The Atlanta Journal-Constitution
ORLANDO, Fla. -- While Atlanta hopes to re-sign veteran starter Tim Hudson, other teams including the San Francisco Giants might force them to raise their initial offer to make it happen.
The Giants are one of about 10 teams that have expressed interest in the 38-year-old right-hander, and they've spoken to his representative about the possibility of Hudson returning to the Bay Area, where Hudson (Glenwood, CVCC) started his career in 1999 with Oakland and was a 20-game winner in 2000.
Hudson would like to return for a 10th season with the Braves, but also enjoyed his six years in Oakland and would consider a move to the Giants, who are said to be serious about adding another proven veteran to their rotation.
Hudson, a 205-game winner who made $9 million each of the past four seasons, was offered a one-year deal last week by the Braves with a base salary that was believed to be worth well below half that amount. He went 8-7 with a 3.97 ERA in 21 starts in 2013, including a 2.73 ERA in his last 10 starts before a season-ending broken ankle July 24.
Wren was asked if he were optimistic about re-signing Hudson, whom the Braves would like to have back as a stabilizing presence in an otherwise youthful rotation.
"I don't know if optimistic is the right word," Wren said. "I would say that we're hopeful. We would love to have him back. I don't know exactly where it's going to go. He knows how we feel, his representatives know how we feel.
"We would like to have him back, and we've made that known to him."
The Giants have indicated a willingness to pay a bit more than market value in order to keep the contract to one or two years, for whomever they sign. They re-signed their own pitcher Tim Lincecum a two-year, $35 million contract that stunned most baseball insiders who figured Lincecum would get less than half that amount.
Losing a coach
For the second time in as many weeks, a Braves minor league coordinator is leaving for a major league coaching job.
Hitting coordinator Don Long was expected to be announced as the Cincinnati's new hitting coach, two weeks after Braves minor league pitching coordinator Dave Wallace was hired as Baltimore pitching coach. The Orioles have also hired Braves special assistant Dom Chiti as bullpen coach.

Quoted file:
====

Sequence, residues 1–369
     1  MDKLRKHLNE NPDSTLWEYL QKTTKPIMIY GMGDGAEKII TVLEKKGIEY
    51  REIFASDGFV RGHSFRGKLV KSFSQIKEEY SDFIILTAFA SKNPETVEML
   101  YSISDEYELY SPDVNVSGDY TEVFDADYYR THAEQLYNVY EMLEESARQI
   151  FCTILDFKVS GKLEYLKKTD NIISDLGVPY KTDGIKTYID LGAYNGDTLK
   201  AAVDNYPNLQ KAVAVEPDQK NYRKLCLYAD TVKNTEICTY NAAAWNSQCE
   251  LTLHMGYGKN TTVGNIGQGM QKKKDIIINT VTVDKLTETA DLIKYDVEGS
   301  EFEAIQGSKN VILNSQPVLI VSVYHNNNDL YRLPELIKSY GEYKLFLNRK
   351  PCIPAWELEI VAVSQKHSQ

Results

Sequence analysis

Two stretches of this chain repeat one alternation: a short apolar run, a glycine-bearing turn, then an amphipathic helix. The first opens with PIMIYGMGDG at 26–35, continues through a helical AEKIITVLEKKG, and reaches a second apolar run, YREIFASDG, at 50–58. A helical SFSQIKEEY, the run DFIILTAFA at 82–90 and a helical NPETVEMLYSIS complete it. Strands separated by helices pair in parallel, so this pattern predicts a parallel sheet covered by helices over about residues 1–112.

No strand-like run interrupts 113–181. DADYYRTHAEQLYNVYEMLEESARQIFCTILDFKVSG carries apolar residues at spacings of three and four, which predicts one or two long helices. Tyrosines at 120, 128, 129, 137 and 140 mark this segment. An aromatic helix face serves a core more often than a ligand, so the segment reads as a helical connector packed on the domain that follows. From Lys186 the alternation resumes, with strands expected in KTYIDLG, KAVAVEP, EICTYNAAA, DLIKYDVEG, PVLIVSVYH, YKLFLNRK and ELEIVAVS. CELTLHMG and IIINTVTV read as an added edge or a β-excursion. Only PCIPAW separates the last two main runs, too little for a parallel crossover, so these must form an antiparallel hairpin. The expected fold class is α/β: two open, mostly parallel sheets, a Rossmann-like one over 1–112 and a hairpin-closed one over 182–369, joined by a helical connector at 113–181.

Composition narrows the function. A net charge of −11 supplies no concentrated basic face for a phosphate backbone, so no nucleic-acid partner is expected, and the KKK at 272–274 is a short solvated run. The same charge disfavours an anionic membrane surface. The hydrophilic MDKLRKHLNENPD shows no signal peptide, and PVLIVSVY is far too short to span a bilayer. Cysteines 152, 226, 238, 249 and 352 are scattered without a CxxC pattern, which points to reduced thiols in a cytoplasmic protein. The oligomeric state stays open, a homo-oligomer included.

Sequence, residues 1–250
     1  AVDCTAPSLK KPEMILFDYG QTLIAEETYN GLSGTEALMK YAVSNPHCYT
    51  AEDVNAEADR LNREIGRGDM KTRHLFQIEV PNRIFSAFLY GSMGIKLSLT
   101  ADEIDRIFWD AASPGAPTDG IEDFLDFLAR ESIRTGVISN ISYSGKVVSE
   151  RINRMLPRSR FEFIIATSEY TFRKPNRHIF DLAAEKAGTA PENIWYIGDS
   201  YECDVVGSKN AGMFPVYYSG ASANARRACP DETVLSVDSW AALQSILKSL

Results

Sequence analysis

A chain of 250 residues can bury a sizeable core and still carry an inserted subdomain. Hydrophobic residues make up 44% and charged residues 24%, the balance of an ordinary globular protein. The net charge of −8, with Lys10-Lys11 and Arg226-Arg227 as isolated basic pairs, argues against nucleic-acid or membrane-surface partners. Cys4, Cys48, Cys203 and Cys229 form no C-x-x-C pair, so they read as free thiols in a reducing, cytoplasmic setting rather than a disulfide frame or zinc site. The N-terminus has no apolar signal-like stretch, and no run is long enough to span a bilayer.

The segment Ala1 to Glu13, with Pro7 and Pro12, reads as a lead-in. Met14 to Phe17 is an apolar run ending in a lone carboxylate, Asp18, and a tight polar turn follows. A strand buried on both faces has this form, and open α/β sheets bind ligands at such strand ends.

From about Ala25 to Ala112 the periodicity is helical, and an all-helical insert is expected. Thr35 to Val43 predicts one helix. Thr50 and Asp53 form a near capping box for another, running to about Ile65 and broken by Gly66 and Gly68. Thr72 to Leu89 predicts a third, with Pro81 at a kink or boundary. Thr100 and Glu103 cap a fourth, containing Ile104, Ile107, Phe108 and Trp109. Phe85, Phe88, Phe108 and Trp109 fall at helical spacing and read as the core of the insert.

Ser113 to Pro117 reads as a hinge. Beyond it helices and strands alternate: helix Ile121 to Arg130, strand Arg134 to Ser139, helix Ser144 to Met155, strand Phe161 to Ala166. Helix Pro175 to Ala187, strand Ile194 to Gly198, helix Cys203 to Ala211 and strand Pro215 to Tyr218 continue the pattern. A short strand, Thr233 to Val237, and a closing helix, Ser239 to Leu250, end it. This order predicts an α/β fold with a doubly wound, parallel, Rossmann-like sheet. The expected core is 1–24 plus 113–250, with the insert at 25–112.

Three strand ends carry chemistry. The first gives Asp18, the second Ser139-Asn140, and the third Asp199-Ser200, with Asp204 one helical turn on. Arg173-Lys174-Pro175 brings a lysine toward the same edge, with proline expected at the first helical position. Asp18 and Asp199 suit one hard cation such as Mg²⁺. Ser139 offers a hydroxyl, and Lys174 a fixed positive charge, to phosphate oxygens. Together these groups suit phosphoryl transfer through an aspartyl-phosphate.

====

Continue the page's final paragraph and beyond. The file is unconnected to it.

Long served as Pittsburgh's hitting coach for three seasons throughout 2010 before taking the Braves minor-league position.
"It's a credit to our organization that we have the kind of people that other organizations are looking at to improve their major league clubs," Wren said. "It's a credit to our guys and it's something we're proud of, but at the same time we feel like it's really important to have great instruction at the minor league level. And we've had that, so now the challenge is to hire new people that can continue to help us develop players."
Wren said Bruce Manno, assistant GM and player-development director, was in the process of asking permission from other clubs to interview potential replacements for the two coordinator positions. Wren wasn't sure if the Braves would be able to hire one person to fill the same duties Chiti handled.
Chiti served as a top scout while also helping Wallace develop young pitchers in the Braves minor league system. Wren said Chiti was the person most responsible for getting Julio Teheran back on track during the 2012 season at Triple-A Gwinnett.
"Losing Dave and Dom Chiti are two big losses, now we're also losing another one," Wren said Tuesday, declining to name the team that had hired Long because it had not been announced yet. "We've lost three guys to major league coaching jobs. (Long) is not leaving because he wants to leave; he got a major league job, and a major league pension is a huge driving force for those guys."